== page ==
Before proceeding, an aside I cannot resist: the Laocoön of Greenberg’s title is a reference to an 18th century essay by the German critic Lessing, which itself makes reference to a mythological tale of woe, memorably captured in a Hellenistic sculpture which has been projected in every single art history class to ever address Greek statuary. (Shown at the top of this post.) Laocoön, a local priest, smells a rat when the Trojan horse is wheeled into place. He suspects it’s hollow, and hurls a spear to confirm the fact. Athena, sponsor of the Greeks, wants no part of this fellow. Before the skeptical Trojan can open his mouth, sea serpents leap from the foam and slither over to strangle the man and his two sons on the spot. Not, one might think, a subject for marble. A tour de force, a spasm of energy chipped into being. Lives at the Vatican. And for present purposes, serves as the straight man to....

...this still from a Mr. Peabody short on the Rocky and Bullwinkle Show. Mr. Peabody is a time-traveling professorial dog with a pet boy, Sherman. Beneath the banner of “Improbable History” check out Mr. Peabody as Laocoön, easily handling the snake. The statue seems to be labeled “a coon” unless you know the title, the beginning of which bends around the base away from us. Pretty doggone smart, and funny, too.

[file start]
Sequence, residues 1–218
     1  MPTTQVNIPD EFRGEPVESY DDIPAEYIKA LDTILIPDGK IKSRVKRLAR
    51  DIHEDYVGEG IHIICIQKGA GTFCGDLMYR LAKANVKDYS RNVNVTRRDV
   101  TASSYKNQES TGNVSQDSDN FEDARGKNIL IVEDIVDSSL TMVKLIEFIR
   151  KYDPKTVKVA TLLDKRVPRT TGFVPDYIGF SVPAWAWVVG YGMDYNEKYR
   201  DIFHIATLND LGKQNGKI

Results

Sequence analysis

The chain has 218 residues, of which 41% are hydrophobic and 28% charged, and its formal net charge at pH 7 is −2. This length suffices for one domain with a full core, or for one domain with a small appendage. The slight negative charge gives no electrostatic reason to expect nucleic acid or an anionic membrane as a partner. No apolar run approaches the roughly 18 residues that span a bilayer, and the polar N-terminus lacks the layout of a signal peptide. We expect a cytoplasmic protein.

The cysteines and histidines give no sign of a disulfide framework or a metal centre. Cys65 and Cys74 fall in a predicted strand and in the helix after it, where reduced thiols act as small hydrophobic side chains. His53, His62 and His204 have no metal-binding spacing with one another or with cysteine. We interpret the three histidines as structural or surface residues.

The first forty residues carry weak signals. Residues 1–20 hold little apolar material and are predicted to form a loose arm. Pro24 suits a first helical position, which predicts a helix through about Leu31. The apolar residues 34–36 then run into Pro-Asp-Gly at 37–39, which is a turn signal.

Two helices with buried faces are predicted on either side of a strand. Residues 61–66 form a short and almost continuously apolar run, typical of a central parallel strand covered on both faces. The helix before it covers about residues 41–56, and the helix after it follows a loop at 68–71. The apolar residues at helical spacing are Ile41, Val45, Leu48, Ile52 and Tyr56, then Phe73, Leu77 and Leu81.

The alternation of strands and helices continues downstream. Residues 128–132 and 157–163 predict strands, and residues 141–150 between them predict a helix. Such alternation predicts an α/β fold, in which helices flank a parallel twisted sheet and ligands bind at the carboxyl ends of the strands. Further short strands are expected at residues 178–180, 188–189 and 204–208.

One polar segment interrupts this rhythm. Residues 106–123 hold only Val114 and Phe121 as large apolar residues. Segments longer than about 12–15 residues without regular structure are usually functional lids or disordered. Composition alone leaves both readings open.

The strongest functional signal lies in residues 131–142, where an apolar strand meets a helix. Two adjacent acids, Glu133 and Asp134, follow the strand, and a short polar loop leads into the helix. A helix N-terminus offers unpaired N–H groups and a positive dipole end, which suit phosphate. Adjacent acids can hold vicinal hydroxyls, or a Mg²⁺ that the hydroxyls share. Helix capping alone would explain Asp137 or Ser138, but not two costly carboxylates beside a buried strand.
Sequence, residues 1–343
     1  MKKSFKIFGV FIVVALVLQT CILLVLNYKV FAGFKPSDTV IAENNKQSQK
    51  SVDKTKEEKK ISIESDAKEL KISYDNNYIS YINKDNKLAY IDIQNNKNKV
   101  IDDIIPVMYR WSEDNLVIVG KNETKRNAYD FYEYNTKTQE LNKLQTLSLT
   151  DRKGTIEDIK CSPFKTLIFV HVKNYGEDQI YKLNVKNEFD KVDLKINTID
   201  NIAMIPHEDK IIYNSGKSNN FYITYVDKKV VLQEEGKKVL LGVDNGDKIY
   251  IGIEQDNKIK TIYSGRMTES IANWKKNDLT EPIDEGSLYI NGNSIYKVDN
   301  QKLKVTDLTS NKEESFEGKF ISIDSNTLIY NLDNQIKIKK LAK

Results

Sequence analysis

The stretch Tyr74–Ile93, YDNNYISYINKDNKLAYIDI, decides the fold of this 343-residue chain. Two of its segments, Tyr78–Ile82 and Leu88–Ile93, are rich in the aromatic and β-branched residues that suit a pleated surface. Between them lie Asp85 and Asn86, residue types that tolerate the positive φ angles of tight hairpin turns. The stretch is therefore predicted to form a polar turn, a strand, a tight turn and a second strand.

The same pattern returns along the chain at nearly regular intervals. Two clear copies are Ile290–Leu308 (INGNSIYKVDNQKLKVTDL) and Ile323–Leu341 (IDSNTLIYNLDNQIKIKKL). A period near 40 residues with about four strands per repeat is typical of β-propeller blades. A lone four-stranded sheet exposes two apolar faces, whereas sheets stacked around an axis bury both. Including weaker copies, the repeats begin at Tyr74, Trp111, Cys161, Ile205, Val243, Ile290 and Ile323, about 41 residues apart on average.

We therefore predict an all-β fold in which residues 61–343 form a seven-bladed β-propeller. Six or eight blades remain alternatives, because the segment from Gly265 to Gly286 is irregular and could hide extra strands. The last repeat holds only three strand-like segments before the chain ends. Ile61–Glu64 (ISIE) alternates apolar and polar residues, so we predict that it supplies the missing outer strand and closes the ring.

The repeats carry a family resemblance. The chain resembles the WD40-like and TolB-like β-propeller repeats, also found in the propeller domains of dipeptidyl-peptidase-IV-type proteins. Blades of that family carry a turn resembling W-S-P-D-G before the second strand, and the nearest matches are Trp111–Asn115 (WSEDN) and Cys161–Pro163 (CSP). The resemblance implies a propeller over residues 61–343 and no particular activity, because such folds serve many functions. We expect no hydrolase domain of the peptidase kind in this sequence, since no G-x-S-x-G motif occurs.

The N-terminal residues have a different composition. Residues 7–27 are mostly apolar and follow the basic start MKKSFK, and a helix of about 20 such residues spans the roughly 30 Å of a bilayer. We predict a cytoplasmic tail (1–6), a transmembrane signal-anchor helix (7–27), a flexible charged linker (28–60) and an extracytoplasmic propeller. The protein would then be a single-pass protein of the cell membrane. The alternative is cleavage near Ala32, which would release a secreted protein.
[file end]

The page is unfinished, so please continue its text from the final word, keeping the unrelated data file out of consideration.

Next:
Aside finis.

Our discussion on the appointed day fell flat. That Greenberg and other full-throated modernists would have rejected popular works should surprise no one, and in fact did not. In preparation for that session, I wrote:

Greenberg argues that images like these are examples of “ersatz culture, pictures offered up to those who [are] insensible to the values of genuine culture.” True? False? What’s the difference between genuine culture and other culture? If you have answer to that question, how would you apply it to the stuff referred to as “underground” music versus what you hear on mainstream radio?

I had expected to hear something adamant from enthusiasts and connoisseurs in some other area. But adamance did not make an appearance. Quite the contrary. To my students, the partisanship of the modernists seemed harsh, impossibly exclusive.